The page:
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Keeping Current—Property offers a look at selected recent cases, rulings and regulations, literature and legislation. The editors of Probate & Property welcome suggestions and contributions from readers.
• BANKRUPTCY: Leases. A landlord’s creditor entered into a below-market lease with the landlord to partially discharge a debt. When the landlord later declared bankruptcy, the bankruptcy court held the rent concessions constituted payments on a debt that was discharged in bankruptcy and ordered repayment of all post-petition rent concessions. Bozzuto’s, Inc. v. Vescio, 234 F.3d 1261, 2000 WL 1715281 (2d Cir. 2000).
• BANKRUPTCY: Leases. After a tenant filed a petition for bankruptcy, the landlord made a claim on tenant’s letter of credit based on the tenant’s default on the lease. The court held the letter of credit was never part of the estate and, therefore, the trustee had no interest in it. In re Farm Fresh Supermarkets of Maryland, Inc., 257 B.R. 770 (Bankr. D. Md. 2001).
• EASEMENTS: Access to landlocked parcel. A statute requiring a drainage district to construct, reconstruct and maintain a bridge to any parcel landlocked by its construction of a drainage ditch required continuous maintenance of a bridge that could sustain modern farm equipment, where the landlocked parcel was part of a farm. The owner was entitled to consequential damages for the estimated crop loss during the period when the bridge was not properly maintained. People ex rel. Peters v. O’Connor, 725 N.E.2d 391 (Ill. Ct. App. 2000).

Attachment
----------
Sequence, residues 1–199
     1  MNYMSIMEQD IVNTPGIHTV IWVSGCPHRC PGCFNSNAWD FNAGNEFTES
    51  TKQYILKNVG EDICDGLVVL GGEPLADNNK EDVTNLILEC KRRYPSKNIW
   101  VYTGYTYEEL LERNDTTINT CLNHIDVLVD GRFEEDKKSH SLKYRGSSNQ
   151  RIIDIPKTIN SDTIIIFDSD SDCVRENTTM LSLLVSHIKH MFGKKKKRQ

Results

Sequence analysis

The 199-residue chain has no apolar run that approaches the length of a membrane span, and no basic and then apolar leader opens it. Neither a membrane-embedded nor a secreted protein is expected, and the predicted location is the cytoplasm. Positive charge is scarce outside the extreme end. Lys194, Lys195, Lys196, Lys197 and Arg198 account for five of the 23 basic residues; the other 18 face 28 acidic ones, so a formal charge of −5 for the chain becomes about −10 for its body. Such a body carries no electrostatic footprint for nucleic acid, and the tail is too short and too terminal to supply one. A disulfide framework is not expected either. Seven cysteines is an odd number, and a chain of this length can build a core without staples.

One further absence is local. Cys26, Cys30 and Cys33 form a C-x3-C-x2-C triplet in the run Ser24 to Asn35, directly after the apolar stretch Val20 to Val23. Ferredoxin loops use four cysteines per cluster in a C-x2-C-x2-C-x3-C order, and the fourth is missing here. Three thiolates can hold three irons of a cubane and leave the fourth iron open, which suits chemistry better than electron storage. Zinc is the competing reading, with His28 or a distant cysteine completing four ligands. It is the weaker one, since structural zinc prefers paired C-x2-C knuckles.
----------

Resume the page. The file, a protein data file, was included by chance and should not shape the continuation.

• EASEMENTS: Maintenance. A water district held an easement that allowed it to construct, operate and maintain a dam but which contained no maintenance requirements. The court held the terms of the easement were sufficiently ambiguous to permit examining parole evidence to find an implied obligation to maintain the quality of the impounded water. The poor quality of the water had injured and in some cases killed the servient owner’s cattle. Fowler v. Lincoln County Conservation Dist., 15 P.3d 502 (Okla. 2000).
• Escrow: Fiduciary duty. A defrauded member of a company that had purchased land brought suit against a title company for allegedly failing to disclose its knowledge of the fraudulent self-dealing by the other company member, using a double escrow. The court held that although the escrow agent did not have a duty to investigate and discover fraud, it did have a limited duty to disclose known fraud. Mark Properties, Inc. v. National Title Co., 14 P.3d 507 (Nev. 2000).